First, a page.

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Metadata Retention in Family Law Cases

By January 18, 2017No Comments

New data retention laws that require internet and phone companies to retain records of customers’ metadata have sparked concerns over how such information could be used in family law proceedings. The retention scheme is designed to help the government combat terrorism, with law enforcement agencies able to access the data without a warrant. However the Government is now launching a review to consider whether the regulations should be changed to allow civil courts to access the data in family law cases.

So what does this metadata include? Metadata stored in phones and computers can be thought of as a footprint of personal activity online or on your phone. However it doesn’t include the actual content of what you’re doing. For instance metadata doesn’t include your web browsing history, because this constitutes content. But if you make a call it will include the number called, location of the call and its duration. It can include the email addresses you are sending and receiving mail from, but not the content of those messages.

In many family law cases such records will hardly be relevant. However the Government is considering allowing access to such records in instances of violent relationships or in international child abduction cases. The president of the Law Council of Australia, Fiona McLeod, said she had “grave concerns” about the possible extension of the powers.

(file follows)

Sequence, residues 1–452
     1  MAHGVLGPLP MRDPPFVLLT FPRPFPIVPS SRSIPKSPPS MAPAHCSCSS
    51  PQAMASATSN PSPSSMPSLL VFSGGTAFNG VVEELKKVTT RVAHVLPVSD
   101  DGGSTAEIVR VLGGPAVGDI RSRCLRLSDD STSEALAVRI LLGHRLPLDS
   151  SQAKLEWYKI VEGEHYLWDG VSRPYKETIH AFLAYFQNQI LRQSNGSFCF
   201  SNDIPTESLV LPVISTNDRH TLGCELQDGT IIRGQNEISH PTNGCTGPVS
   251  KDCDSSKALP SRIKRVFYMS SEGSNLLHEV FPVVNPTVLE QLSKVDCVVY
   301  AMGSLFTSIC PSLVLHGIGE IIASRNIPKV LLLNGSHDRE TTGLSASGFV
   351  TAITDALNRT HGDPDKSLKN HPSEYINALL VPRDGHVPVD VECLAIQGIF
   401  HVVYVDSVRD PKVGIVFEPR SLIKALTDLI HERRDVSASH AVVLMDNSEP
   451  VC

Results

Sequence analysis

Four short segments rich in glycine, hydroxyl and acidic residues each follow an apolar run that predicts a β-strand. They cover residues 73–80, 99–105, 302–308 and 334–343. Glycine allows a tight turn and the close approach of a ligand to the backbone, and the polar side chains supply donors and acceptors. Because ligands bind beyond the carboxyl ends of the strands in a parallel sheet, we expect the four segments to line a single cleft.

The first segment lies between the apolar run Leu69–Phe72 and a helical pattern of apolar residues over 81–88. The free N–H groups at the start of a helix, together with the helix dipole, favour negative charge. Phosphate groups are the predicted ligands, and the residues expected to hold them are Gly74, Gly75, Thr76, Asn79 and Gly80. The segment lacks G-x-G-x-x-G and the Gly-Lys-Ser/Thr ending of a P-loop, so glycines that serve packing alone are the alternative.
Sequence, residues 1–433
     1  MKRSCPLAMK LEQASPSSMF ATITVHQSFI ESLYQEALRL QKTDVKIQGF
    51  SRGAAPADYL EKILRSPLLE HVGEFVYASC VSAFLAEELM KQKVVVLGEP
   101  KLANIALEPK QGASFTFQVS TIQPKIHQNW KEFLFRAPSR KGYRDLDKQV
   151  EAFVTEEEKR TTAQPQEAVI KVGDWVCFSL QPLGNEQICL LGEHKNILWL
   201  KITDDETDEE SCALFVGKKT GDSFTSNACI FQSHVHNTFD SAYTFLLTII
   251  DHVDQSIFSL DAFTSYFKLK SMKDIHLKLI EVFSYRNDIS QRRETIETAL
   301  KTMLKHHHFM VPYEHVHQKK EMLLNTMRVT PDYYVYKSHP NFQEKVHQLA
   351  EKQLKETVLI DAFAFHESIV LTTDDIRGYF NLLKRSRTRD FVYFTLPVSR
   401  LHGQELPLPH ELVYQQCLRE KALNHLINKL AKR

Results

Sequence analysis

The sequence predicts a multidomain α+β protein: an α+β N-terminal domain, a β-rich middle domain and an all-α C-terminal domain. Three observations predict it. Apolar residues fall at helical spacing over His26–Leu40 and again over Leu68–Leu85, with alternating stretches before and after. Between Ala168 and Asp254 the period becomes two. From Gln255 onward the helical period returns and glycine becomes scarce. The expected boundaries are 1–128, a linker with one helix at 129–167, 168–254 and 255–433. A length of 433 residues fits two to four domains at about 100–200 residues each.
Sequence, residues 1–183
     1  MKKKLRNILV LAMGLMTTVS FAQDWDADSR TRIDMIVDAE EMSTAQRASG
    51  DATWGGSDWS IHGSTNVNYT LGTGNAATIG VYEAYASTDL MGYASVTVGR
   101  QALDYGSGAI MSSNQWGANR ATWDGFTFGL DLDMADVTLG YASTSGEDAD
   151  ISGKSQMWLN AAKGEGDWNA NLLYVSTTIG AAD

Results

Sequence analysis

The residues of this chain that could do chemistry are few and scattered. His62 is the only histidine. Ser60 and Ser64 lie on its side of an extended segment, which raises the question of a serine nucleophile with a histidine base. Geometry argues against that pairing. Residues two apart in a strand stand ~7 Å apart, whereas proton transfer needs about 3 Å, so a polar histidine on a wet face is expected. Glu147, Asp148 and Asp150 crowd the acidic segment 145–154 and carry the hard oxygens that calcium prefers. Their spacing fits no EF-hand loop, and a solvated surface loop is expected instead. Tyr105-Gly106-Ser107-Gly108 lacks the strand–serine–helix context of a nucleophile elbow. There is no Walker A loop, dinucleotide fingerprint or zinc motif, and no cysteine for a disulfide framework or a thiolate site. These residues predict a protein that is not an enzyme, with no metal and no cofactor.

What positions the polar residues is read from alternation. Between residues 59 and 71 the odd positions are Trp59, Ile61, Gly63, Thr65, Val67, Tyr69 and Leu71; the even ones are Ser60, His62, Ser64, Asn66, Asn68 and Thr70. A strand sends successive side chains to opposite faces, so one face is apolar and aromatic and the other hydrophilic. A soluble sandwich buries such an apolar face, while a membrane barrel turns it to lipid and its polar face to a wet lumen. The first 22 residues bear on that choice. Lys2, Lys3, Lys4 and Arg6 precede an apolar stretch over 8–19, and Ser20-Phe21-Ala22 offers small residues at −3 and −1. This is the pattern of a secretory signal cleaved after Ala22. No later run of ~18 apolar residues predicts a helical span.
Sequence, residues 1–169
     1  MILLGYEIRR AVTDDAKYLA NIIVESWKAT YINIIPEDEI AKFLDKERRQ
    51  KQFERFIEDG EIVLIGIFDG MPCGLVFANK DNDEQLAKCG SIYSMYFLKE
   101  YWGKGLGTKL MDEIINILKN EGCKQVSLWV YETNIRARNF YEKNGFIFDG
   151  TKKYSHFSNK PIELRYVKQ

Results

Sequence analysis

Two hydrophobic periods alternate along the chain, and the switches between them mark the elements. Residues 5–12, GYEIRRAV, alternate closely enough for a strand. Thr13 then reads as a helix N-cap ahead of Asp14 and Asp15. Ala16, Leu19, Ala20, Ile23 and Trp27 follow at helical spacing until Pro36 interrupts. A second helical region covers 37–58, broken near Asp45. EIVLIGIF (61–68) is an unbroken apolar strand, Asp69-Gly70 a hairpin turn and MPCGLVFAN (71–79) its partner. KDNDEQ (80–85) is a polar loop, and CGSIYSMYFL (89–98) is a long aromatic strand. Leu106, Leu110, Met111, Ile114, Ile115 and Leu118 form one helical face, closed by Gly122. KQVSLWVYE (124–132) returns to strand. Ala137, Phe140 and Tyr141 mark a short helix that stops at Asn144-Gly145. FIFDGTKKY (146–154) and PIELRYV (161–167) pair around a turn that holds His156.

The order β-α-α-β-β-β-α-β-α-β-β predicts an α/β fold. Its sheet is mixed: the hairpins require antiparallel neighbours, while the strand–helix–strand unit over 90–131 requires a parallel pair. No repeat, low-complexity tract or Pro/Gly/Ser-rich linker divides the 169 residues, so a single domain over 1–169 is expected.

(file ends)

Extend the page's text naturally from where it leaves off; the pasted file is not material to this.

“The regime that’s in place is one of the most intrusive regimes in the industrialised world,” she told 7.30.

“If they are to extend that use to civil proceedings, it goes well beyond the justification of those laws.”

Such a change in regulations would extend the powers of civil courts, who presently can only issue subpoenas for telecommunications data if the data is being collected for operational reasons by the service provider. Changes may make it easier to access such records and tempt more individuals in family law disputes to bring communications data into proceedings. The ramifications of what this may mean for people in the process of a divorce or property dispute is less clear.

See more regarding proposed changes here:


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